Figure 2. Effect of the cleaning procedure with tap water on the removal of biofilm-derived spores of the dairy-associated Bacillus in the CIP model system. Sampling plates, each containing approximately 2 million spores of B. subtilis 3610 or dairy Bacillus isolates, were mounted on T-junctions, protruding 35, 125, and 275 mm from the main loop of the CIP model system, and cleaned in the installation. Tap water, without the addition of any detergent, was used as the cleaning agent. A basic assumption was the similar adhesion efficiency of the spores of each tested strain in different experimental repeats (since the spores were obtained using previously validated experimental procedures [21]). The cleaning effect was evaluated by comparing the number of viable spores (attached to the sampling plates), before and after cleaning. The results represent the means and standard deviations (SD) of two independent biological experiments, performed in triplicate. * Statistically significant difference (p < 0.05) between the reduction in the viable spore counts of a given sample and the reduction in the spore counts for B. subtilis 3610 (control).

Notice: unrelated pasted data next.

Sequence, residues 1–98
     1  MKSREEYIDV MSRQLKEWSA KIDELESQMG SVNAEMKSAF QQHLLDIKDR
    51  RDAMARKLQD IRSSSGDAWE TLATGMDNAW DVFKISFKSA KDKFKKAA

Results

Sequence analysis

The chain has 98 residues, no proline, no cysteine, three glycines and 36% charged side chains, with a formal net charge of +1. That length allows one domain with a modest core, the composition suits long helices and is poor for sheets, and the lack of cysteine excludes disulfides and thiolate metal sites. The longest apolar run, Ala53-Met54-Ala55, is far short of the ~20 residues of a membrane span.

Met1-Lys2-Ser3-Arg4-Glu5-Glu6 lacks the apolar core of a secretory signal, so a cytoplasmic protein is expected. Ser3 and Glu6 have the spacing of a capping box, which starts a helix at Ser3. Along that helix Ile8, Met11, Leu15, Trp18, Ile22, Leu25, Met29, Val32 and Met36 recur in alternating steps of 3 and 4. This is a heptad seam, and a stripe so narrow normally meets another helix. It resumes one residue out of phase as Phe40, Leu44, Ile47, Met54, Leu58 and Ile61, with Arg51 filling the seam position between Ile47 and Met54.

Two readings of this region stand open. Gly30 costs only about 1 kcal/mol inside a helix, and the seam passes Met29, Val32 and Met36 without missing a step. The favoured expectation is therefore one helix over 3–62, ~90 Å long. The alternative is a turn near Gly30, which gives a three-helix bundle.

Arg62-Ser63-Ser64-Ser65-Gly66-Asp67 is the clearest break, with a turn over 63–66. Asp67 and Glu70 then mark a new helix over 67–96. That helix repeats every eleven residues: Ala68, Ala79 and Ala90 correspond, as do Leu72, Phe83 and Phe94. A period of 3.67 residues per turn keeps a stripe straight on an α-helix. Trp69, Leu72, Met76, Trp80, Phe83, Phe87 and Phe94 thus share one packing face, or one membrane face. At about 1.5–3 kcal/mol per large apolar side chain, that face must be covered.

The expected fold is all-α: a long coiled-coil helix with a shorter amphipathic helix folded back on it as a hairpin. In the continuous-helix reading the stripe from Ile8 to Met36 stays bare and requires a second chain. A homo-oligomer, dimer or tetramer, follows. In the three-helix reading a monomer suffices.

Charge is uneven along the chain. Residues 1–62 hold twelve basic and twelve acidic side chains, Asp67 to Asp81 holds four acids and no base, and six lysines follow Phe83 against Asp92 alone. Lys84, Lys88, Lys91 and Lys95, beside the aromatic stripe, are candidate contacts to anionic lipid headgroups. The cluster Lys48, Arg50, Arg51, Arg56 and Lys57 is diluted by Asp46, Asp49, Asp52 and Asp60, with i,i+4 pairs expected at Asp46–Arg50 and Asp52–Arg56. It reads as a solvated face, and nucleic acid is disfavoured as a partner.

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Figure 3. Effect of commercial cleaning agents on the removal of the biofilm-derived spores of the dairy-associated Bacillus in the simplified laboratory system. Sampling plates, each maintaining approximately 2 million spores of the tested Bacillus strains, were cleaned in the laboratory system. Caustic soda, sodium hypochlorite and the following cleaning solutions—I, A, M, F, D and H (compositions and dosages are described in Methods)—were used as the cleaning agents. The cleaning effect was evaluated by comparing the numbers of viable spores (attached to sampling plates), before and after cleaning. The results represent the means and standard deviation (SD) of two independent biological experiments, performed in triplicate. * Statistically significant difference (p < 0.05) between the reduction in the viable spore counts in a given sample and the reduction in the spore counts for B. subtilis 3610 (control). ** Statistically significant difference (p < 0.05) between the reduction in the viable spore counts, after treatment with a given cleaning agent, and the reduction in the spore counts for the same strain, after incubation with tap water.